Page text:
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Vigilante TAMUCC student aims to catch alleged sex predators

College student poses as underage teen to catch alleged sexual predators.
Vigilante TAMU-CC student aims to nab alleged criminals
Vigilante student aims to expose alleged criminals
Posted at 12:24 PM, Jun 02, 2021
and last updated 2021-06-02 18:16:25-04

CORPUS CHRISTI, Texas — In his freshman year of college, Josh Brown spent his days going to class and his evenings trying to expose alleged criminals.

Brown hosts the YouTube channel called West Texas Predator Poachers (he's originally from west Texas). For the past few months, he has used social media and dating apps to pose as an underage teenager. He said older men then find and message him.

“One of the first things I do, or after they talk to me or whatever, I say I’m 13 or I’m 14 or I’m 15," he said. "They’re like—many, I get the response that they’re more intrigued. They want to do even more. Some are like wait up and just—they’ll take all precautions, they’ll ask for pictures. They ask for verification.”

Brown has been on a mission to catch alleged sexual predators and show the Corpus Christi community. He said he interacts with men from all walks of life, but the thing they have in common is they try to meet up with teenagers for sexual contact or to do drugs. He said some have sent sexually explicit photos of themselves.

“The point of this is so not just for YouTube and what not, but I want to make sure they know that it’s wrong too," said Brown. "So, it’s very sad how they can come out here and potentially ruin a 13-year-old, 14-year-old, 12-year-old’s life. It’s pretty sad. And many of the predators I catch they even talk about how they’ve been touched or raped or molested when they were younger. And it’s really confusing because you’d think they’d want to change the cycle.”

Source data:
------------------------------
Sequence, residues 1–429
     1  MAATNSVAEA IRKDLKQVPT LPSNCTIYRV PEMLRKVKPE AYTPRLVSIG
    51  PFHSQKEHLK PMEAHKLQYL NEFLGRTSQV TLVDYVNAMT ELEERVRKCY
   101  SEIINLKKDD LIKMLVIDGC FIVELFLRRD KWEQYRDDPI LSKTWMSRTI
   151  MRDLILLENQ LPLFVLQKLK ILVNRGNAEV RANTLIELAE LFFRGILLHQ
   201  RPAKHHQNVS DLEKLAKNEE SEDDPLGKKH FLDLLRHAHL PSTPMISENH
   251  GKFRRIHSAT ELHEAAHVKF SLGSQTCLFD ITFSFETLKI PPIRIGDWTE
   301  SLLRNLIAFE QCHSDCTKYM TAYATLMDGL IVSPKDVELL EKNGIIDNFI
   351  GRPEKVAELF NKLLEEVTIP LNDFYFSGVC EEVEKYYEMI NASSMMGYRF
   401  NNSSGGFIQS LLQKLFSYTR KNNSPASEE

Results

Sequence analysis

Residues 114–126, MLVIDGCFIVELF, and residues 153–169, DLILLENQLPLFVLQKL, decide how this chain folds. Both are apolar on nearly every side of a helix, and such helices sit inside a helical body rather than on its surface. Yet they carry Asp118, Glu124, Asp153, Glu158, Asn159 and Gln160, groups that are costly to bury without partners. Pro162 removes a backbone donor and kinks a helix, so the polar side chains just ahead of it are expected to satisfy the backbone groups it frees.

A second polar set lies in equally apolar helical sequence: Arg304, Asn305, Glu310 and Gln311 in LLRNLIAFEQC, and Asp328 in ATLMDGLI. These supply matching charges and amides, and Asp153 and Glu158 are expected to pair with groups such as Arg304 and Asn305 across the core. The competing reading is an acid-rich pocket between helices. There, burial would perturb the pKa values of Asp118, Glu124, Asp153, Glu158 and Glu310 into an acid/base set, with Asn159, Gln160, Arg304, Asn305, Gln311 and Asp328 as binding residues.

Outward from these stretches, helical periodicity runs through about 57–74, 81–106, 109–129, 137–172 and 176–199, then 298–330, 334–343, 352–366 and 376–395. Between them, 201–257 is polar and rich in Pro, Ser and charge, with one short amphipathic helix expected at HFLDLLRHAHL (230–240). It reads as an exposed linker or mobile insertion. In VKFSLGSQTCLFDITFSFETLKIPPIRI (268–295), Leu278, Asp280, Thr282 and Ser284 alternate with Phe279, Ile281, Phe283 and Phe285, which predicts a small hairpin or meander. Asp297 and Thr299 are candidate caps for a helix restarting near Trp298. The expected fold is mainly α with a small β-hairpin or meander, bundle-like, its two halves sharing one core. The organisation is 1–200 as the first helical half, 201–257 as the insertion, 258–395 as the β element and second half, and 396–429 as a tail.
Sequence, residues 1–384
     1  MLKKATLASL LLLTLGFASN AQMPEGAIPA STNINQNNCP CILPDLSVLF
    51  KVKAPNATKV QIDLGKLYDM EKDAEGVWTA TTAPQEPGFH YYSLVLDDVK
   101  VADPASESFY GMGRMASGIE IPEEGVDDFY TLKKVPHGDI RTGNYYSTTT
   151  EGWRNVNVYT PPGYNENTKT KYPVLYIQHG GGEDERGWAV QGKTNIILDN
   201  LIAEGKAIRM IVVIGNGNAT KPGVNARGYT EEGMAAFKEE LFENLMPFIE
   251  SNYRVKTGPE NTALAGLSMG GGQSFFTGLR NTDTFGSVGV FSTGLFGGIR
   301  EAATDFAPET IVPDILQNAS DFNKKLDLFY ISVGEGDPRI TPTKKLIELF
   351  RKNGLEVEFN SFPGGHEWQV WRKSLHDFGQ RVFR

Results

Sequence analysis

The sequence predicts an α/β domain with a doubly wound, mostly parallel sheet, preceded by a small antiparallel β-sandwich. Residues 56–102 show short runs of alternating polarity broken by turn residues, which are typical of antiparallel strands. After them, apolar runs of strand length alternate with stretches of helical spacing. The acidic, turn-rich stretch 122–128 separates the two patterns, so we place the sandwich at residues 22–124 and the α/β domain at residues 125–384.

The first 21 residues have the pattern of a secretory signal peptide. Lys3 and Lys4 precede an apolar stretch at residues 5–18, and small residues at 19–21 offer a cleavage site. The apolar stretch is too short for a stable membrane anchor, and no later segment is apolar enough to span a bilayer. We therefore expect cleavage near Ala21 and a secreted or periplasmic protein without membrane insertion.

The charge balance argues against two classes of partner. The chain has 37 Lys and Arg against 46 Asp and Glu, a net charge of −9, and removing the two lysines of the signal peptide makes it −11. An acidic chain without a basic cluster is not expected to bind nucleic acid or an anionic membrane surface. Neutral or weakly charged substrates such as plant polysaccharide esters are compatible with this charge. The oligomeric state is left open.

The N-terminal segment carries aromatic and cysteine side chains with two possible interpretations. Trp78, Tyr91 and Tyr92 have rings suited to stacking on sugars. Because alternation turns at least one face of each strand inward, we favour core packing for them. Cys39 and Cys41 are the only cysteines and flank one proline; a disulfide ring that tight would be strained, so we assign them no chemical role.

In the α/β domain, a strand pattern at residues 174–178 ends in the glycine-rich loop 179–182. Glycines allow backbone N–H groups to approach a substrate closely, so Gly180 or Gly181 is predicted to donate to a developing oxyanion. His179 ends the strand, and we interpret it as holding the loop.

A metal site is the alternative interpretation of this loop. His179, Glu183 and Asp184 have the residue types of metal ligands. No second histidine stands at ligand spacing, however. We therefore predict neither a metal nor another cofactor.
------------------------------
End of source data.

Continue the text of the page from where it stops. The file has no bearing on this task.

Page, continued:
After chatting with the men, Brown will meet up with them, recording the interaction on his cell phone. In his videos you hear Brown asking for a confession, asking them to call someone in their life to hold them accountable, and ask them if they need help.

“Most of the reactions I get is they’re in denial, they’re like I don’t know what you’re talking about bro," Brown said. "Those are the ones that are really disturbing because I’m like—I’m giving them a way to better themselves. Or just like come out because some people just need someone to confide in to stop what they’re doing. And then there are some that just admit to it, they don’t care.

"They’re like ‘yeah I’m wrong, well OK, I’m going to leave.’ And there’s some that don’t want any of the information to leak at all. They’ll do anything to not get it leaked. And those are the scary ones. Actually, all of them are really scary to encounter, but those are the ones you really have to watch out for.”

Some speed off in their car after seeing Brown isn’t who he said he was. Others stick around for a conversation.

Brown acknowledged that what he’s doing is very dangerous. In a few videos, he mentions he records for his protection and their protection. He follows up by asking if they have any weapons and if they can keep their hands in sight.

“When I first started out I was very nervous you could hear it in my voice in my first couple videos," he said. "But, honestly I know what I’m doing is right and the way I go about it is right. So, I’m really not—you’re right, you can never understand what’s going on in someone’s mind. They could be some type of serial killer and I don’t know, I’m just coming to catch them.

“It depends. I go off their energy. If they want to be calm with me I’ll be calm with them. I’ll be nice. But if they want to have an attitude, which mainly I get, I give attitude back. And I hit them with the facts," said Brown.

Brown said part of the reason he does this is because he wants to go into law enforcement. He was also inspired by other YouTube Channels.